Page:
Would you like to join my students and me for a mini-unit on the World Cup? I am planning to start one day ahead of the first game which is on Thursday, June 14th. This folder has all the resources.
Start with a video to pull the students into the excitement. Here is an ad Fiers d’être bleus for the World Cup. This isn’t about language input, but instead about setting up the big idea for these lessons. Later in the unit keep the excitement going with this Coca-Cola ad.
And, here are the Can Do’s:
- I can talk about an individual’s country of origin and nationality.
- I can talk about who is the best athlete and why.
- I can give details about the 2018 World Cup.
- I can understand the lyrics of a World Cup song.
- I can talk about the social responsibility of sports.
Now let’s get started with activities for novice high to intermediate low students. My students will choose one of the teams and work in groups to make a slide with a picture of the team, name of the country and the nationality of the players and highlight a top player, describing him. From the site Livre de Sepienta you will find the following handouts for each team:
- Présentation pays coupe du monde (1-4)
- Carte nomenclature équipes foot coupe du monde 2018
Print each of these in color, cut and distribute to groups. And here are some good photos of the teams for students to include in their slides. When students have completed their slides they can present them to the class. This is an opportunity for students to talk about countries and nationalities and top athletes.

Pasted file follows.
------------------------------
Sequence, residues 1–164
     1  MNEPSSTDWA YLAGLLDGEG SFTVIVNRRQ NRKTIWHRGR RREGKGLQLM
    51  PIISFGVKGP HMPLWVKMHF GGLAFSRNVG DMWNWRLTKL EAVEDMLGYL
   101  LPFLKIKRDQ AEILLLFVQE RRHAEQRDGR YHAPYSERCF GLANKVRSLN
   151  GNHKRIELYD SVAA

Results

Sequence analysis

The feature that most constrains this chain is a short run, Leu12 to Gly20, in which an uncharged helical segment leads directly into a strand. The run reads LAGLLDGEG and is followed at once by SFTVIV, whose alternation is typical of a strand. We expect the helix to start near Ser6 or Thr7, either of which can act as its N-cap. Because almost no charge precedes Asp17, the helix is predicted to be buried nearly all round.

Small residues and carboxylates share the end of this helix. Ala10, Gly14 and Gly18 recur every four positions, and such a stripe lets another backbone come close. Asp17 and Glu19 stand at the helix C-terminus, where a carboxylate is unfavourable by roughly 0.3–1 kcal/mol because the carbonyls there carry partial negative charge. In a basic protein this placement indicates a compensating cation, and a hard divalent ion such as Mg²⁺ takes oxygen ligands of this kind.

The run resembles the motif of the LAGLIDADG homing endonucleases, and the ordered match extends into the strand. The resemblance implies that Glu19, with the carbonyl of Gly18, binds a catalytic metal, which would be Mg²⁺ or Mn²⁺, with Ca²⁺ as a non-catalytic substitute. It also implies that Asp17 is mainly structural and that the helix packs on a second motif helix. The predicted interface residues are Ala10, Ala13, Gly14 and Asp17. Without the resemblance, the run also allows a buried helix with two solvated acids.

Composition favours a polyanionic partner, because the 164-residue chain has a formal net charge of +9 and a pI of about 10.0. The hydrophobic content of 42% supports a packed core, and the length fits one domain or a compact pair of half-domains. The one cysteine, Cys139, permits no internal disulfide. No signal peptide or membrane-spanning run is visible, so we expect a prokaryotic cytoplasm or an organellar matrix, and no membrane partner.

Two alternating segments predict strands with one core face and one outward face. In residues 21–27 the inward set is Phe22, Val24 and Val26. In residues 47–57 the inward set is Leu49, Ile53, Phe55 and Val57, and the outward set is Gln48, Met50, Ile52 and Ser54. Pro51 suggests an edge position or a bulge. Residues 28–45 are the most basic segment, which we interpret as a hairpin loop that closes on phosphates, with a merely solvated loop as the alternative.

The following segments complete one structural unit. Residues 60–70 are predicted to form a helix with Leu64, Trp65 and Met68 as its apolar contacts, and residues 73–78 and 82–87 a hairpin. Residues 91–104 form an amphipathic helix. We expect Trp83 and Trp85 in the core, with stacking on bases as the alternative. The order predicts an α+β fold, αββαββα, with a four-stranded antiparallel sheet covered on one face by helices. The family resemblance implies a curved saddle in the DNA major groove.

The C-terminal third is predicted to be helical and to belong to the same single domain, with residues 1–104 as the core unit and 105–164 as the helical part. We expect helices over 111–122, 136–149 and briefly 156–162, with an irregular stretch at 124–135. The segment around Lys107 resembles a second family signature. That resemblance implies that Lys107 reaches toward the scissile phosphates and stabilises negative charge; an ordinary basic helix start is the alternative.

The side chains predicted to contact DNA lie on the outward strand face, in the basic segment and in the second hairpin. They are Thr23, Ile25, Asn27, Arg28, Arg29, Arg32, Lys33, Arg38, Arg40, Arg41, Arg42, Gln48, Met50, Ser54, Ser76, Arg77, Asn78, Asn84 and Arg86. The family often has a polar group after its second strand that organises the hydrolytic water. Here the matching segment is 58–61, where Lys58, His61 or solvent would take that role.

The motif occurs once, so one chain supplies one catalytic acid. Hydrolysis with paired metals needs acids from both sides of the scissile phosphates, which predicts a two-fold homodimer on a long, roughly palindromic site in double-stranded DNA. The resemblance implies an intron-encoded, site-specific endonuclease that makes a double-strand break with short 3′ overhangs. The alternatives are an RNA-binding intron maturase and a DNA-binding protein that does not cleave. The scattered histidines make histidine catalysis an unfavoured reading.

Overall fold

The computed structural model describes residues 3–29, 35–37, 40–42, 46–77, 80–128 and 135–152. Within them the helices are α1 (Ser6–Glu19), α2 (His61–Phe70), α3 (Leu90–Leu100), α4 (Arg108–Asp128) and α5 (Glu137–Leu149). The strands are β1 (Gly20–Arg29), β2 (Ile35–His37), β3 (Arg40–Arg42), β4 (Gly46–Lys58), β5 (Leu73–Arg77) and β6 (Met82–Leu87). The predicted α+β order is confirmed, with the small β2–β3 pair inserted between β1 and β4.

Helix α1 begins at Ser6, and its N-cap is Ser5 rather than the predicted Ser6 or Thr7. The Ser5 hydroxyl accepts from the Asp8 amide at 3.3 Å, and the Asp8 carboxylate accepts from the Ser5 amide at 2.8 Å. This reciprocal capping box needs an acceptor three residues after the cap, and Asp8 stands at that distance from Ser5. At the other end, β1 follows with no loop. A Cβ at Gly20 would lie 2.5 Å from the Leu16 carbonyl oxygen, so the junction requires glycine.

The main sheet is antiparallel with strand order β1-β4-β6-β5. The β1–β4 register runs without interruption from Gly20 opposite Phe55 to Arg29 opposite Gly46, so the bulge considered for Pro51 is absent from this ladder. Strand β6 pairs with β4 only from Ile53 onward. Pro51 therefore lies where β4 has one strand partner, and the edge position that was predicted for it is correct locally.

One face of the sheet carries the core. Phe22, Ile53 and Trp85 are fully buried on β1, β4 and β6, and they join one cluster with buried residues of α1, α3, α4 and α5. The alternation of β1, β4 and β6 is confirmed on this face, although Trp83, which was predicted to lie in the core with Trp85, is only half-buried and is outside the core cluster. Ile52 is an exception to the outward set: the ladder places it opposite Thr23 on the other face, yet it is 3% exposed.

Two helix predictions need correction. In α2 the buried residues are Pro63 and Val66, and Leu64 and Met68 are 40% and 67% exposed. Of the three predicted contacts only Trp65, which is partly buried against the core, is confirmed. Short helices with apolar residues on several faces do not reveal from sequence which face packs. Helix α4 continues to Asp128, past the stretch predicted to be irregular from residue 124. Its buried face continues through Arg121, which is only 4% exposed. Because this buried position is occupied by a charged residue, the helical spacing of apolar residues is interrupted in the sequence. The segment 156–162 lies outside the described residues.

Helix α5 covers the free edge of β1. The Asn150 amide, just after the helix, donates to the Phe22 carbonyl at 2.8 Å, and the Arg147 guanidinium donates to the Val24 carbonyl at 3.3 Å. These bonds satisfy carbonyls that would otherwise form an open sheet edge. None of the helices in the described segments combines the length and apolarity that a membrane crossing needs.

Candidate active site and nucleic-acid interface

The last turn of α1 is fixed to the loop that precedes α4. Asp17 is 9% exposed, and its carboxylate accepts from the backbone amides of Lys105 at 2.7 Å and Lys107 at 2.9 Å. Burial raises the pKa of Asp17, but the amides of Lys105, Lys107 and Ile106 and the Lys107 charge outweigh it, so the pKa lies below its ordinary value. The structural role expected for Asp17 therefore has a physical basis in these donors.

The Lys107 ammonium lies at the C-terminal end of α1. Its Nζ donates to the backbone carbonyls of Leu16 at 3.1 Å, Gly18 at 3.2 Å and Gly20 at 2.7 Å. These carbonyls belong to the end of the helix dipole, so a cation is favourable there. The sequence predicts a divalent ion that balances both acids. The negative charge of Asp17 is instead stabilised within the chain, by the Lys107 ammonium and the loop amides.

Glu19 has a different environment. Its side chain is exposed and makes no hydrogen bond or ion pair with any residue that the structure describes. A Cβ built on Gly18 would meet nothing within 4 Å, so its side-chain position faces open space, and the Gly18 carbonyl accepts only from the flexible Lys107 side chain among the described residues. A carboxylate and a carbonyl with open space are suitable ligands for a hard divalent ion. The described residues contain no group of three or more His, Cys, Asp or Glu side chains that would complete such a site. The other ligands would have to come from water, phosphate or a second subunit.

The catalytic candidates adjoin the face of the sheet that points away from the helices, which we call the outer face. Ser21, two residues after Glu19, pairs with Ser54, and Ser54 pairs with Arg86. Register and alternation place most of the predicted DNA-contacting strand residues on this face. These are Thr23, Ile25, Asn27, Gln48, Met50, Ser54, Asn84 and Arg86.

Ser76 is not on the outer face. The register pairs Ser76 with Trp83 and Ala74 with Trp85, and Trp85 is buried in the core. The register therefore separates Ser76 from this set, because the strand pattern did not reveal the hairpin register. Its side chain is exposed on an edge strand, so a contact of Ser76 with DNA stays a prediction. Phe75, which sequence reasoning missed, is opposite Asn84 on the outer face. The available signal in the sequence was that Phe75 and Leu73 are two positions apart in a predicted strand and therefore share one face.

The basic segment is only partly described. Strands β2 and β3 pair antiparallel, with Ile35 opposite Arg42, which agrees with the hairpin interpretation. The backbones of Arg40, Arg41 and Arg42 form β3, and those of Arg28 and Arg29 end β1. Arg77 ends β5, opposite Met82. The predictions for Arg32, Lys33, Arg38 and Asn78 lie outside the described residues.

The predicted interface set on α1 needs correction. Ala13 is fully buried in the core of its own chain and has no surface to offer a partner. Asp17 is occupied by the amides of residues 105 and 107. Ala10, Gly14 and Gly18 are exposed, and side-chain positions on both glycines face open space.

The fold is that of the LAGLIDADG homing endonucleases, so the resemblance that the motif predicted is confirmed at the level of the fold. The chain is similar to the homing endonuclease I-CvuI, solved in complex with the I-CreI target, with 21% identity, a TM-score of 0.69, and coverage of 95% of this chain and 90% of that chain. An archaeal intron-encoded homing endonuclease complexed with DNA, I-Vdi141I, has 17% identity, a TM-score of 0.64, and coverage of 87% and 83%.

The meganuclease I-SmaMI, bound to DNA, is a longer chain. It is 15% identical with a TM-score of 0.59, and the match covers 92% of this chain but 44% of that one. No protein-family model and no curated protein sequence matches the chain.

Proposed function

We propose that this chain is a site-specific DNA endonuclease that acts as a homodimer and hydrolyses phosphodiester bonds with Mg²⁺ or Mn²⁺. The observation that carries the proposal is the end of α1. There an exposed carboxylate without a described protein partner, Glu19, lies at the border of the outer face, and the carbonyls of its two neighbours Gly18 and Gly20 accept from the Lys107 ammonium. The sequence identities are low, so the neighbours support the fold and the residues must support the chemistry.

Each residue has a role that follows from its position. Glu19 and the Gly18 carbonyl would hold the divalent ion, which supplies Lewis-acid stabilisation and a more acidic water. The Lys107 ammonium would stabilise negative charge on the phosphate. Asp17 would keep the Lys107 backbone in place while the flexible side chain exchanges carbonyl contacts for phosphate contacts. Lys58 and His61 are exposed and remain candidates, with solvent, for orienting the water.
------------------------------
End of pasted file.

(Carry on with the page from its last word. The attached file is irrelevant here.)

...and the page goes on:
At this point you may want to have students practice the names of the countries who participate in the World Cup with this Quizlet Coupe du monde 2018– pays. Ask students to begin by using the flashcards and then playing Match as homework. Next class students can compete at Quizlet Live. Later in the unit students can do the same with another Quizlet called Coupe du Monde. Before they play, pass out to them the Picture Dictionary Coupe du Monde.
Then, starting on June 15th, the day after the first game, students will fill out the table with scores as games are played and discussed in class. Here is the schedule to print and hang in the room. How many games you discuss depends on how long into June your school goes. We go late!
On the Enseignons.be site I found a good reading called Coupe du monde 2018 that includes two activities. Students will write in names of countries under the heading of the correct continent and will match descriptions of mascots with the pictures. From this reading students have the content to give details about the World Cup. This will be, in my classroom, the opportunity to practice questions and answers with students.
Who are the famous people who will play? Who would you give the best player prize to? I chose a few videos of some of the famous players. Students discuss the one they would choose as the best player and explain why. I used this article as my resource and made this slide show.
While you are viewing the slide show linked above, take note that I have included two activities, Circonlocution and Maître d’. Use these as ten minute warm ups in class to get students speaking. Also to start class, note that I have slides with the latest scores and pictures in Actualités de la Coupe du Monde. Use the scores to discuss and fill out the Tableau Mondial. Use the pictures for partner turn and talk discussions.
The singer Tal has a song for the World Cup called Mondial. Find the video here. And, Black M has made the official video for Senegal. Students are asked to read the lyrics in pairs and watch the video and complete a Song Analysis, from Mercredi Musique. Or, here is an activity to do with Gainde.
For homework during this unit, I have a Google Form Coupe du Monde reading that I made with an infographic from 1jour1actu. And, I found an EdPuzzle made by another teacher, Quels pays participent à la coupe du monde. You may consider assigning either of the Quizlet sets for homework too. I ask students to do the Learn game until they reach 100%.